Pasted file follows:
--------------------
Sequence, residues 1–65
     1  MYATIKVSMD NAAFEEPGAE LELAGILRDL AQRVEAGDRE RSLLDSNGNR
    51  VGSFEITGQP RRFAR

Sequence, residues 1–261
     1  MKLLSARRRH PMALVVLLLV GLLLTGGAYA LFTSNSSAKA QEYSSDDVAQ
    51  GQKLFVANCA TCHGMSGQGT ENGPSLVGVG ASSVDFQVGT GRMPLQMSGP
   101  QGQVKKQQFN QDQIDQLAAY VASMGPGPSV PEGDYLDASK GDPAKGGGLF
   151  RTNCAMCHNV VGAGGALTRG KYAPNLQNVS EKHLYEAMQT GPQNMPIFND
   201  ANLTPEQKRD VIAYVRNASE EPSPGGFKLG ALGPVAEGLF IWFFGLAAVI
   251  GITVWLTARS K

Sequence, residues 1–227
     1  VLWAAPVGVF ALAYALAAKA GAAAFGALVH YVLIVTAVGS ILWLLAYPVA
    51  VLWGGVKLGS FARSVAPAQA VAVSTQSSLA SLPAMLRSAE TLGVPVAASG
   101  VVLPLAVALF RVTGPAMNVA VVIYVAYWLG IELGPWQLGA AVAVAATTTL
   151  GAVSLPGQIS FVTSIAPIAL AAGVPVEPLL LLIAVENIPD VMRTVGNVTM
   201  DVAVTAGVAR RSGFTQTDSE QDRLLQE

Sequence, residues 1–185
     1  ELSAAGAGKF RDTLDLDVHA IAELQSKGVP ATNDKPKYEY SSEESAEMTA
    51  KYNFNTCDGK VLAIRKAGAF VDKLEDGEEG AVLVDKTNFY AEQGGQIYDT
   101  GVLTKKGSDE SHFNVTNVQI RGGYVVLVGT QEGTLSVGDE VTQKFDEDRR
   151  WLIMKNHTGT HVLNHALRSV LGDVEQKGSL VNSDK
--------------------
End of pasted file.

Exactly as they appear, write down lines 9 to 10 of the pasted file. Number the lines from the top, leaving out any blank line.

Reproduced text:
   201  ANLTPEQKRD VIAYVRNASE EPSPGGFKLG ALGPVAEGLF IWFFGLAAVI
   251  GITVWLTARS K